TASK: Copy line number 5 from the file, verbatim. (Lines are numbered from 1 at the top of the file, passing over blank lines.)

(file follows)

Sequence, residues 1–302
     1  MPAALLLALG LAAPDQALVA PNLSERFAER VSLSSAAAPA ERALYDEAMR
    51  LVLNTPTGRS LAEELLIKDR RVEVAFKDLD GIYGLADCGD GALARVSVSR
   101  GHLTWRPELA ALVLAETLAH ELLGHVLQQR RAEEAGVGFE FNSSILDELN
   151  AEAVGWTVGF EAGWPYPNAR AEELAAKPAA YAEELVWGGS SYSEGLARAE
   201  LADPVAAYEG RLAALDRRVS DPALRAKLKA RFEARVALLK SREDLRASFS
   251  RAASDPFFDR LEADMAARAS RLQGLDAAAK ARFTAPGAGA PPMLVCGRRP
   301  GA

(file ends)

   151  AEAVGWTVGF EAGWPYPNAR AEELAAKPAA YAEELVWGGS SYSEGLARAE